Longer Looks: Climate Change; Abortion; And Global Pandemics
Each week, KHN's Shefali Luthra finds interesting reads from around the Web.
Climate Change Might Be Bad for Your Mental Health, Too
Scientists have predicted many troubling consequences of global warming for Earth’s ecosystems and human health and welfare. Among them is an increased risk to our mental health. (Nicole Javorsky, 10/12)
The Washington Post:
How Trump‘s Abortion Policy Is Disrupting Women’s Health Care In Some Of The World’s Remotest Places
Nana thought for a second, and then shook her head. Donald Trump? No, never heard of him. Her humble, earthen home and field of cassava are about as far from Washington as it gets. She lives in Madagascar, an impoverished island hundreds of miles off the coast of Africa — and tiny Betsingilo is a week-long trip by bus from the country’s capital. (Max Vearak and Carol Morello, 10/16)
Flu Pandemic: How The US Could Be Better Prepared For An Epidemic
We cannot totally eliminate the risk of pandemics in the near term. But a three-pronged agenda focused on mitigating that risk — pushing for better and faster vaccine development and deployment, a stronger emergency response infrastructure, and a more robust global health security system — can make us safer. But most importantly, we need to take the risk seriously. A catastrophic pandemic is not merely the stuff of dystopian fiction. It is very much a real danger, as real today as it was 100 years ago. (Ron Klain, 10/15)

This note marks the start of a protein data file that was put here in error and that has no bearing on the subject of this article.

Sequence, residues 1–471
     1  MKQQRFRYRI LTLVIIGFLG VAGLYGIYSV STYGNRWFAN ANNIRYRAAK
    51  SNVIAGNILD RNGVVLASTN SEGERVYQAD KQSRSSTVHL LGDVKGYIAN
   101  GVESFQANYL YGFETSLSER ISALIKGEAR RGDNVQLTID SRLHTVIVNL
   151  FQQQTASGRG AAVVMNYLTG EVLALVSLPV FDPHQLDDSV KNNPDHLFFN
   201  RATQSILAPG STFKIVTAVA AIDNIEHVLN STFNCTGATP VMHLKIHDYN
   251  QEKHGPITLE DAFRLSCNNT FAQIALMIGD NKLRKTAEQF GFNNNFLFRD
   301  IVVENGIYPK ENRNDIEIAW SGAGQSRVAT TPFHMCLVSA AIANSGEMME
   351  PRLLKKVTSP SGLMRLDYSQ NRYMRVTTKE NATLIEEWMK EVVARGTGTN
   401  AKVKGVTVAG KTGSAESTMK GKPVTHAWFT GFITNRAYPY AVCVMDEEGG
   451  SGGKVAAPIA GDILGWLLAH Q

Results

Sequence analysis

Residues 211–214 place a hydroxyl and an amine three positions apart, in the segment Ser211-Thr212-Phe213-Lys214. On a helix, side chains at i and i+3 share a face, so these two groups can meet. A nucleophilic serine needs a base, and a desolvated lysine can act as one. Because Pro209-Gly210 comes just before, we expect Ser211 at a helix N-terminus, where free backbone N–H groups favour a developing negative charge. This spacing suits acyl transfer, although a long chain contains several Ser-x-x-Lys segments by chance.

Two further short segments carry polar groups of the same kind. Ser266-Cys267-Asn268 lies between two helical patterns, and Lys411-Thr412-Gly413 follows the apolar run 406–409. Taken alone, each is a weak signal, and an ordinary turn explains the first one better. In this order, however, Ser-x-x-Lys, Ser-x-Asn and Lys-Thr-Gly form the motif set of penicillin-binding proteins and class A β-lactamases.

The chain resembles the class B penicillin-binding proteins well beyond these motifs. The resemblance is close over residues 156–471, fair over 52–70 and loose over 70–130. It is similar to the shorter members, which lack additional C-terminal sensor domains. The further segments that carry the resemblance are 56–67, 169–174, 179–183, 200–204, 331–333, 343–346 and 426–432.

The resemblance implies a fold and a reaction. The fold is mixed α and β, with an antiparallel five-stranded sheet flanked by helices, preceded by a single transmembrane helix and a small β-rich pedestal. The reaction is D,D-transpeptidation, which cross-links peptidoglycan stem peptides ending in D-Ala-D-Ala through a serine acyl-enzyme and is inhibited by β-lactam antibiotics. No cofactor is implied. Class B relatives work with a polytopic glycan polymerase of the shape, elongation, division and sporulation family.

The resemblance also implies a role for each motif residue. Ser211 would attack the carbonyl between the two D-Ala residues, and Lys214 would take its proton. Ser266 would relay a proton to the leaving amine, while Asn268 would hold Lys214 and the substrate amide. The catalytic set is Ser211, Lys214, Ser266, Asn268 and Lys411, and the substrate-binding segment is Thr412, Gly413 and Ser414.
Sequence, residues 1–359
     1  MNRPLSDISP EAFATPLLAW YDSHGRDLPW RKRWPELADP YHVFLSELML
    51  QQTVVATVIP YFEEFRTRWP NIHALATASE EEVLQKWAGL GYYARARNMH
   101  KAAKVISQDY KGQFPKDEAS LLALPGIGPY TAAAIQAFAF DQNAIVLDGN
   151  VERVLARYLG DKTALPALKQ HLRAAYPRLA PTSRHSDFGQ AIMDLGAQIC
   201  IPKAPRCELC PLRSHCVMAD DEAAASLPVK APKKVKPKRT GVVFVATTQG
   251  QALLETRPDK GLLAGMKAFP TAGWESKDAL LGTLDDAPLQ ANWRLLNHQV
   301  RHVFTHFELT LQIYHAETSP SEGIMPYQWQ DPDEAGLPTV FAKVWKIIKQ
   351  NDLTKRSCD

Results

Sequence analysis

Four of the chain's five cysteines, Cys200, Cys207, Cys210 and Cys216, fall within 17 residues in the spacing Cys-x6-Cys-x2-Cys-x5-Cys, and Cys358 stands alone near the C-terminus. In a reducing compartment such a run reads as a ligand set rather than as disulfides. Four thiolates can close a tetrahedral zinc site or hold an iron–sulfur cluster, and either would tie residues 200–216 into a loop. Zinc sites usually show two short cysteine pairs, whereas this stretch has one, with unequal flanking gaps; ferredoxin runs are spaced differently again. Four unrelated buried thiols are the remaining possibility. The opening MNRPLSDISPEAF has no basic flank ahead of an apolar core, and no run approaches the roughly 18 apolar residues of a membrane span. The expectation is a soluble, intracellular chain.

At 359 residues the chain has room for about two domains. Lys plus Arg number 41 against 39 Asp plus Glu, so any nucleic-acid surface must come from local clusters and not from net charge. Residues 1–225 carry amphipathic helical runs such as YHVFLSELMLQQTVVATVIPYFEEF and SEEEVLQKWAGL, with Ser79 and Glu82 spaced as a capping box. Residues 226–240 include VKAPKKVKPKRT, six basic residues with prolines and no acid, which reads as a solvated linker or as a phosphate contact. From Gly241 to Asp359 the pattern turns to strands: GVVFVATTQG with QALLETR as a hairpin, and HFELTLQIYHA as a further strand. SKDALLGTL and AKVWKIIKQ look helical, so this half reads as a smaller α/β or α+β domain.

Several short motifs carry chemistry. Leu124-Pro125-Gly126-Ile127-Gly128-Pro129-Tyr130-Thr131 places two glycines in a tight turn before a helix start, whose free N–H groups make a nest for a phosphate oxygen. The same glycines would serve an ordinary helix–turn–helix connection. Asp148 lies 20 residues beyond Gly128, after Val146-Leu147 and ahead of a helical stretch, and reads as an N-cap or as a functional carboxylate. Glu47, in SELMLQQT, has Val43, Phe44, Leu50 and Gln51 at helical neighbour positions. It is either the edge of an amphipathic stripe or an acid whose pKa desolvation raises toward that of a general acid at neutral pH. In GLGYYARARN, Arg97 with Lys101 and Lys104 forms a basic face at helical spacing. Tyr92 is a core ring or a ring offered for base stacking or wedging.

Could “Medicare For All” Become A Real Thing?
Picture if you can Bernie Sanders, the democratic-socialist senator, as a young lad of four. That is how old Mr Sanders was in 1945 when Harry Truman announced his vision for single-payer health care, in which the government pays all costs. Lyndon Johnson, backed by crushing congressional majorities, resurrected the idea in 1965 when he signed laws creating Medicare, government-run insurance for the elderly, and Medicaid, a programme for the very poor and disabled. Now at the age of 77, Mr Sanders would like at last to enact a single-payer system under the banner of “Medicare for all”. (10/11)
New York Magazine:
The GOP’s Most Popular Health-Care Idea Is Politically Toxic
The American people reject the core principles of the Republican Party’s health-care agenda — even if one defines “the American people” as the Republican electorate. (Eric Levitz, 10/16)